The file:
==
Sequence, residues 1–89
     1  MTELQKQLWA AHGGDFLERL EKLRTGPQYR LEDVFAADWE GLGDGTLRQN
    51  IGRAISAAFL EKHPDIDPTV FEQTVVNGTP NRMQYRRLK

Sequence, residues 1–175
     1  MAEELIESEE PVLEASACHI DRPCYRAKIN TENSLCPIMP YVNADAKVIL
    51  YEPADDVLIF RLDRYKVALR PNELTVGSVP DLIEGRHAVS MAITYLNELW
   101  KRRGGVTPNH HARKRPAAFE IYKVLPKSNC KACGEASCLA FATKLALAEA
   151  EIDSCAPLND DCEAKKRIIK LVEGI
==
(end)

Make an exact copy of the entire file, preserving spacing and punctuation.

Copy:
Sequence, residues 1–89
     1  MTELQKQLWA AHGGDFLERL EKLRTGPQYR LEDVFAADWE GLGDGTLRQN
    51  IGRAISAAFL EKHPDIDPTV FEQTVVNGTP NRMQYRRLK

Sequence, residues 1–175
     1  MAEELIESEE PVLEASACHI DRPCYRAKIN TENSLCPIMP YVNADAKVIL
    51  YEPADDVLIF RLDRYKVALR PNELTVGSVP DLIEGRHAVS MAITYLNELW
   101  KRRGGVTPNH HARKRPAAFE IYKVLPKSNC KACGEASCLA FATKLALAEA
   151  EIDSCAPLND DCEAKKRIIK LVEGI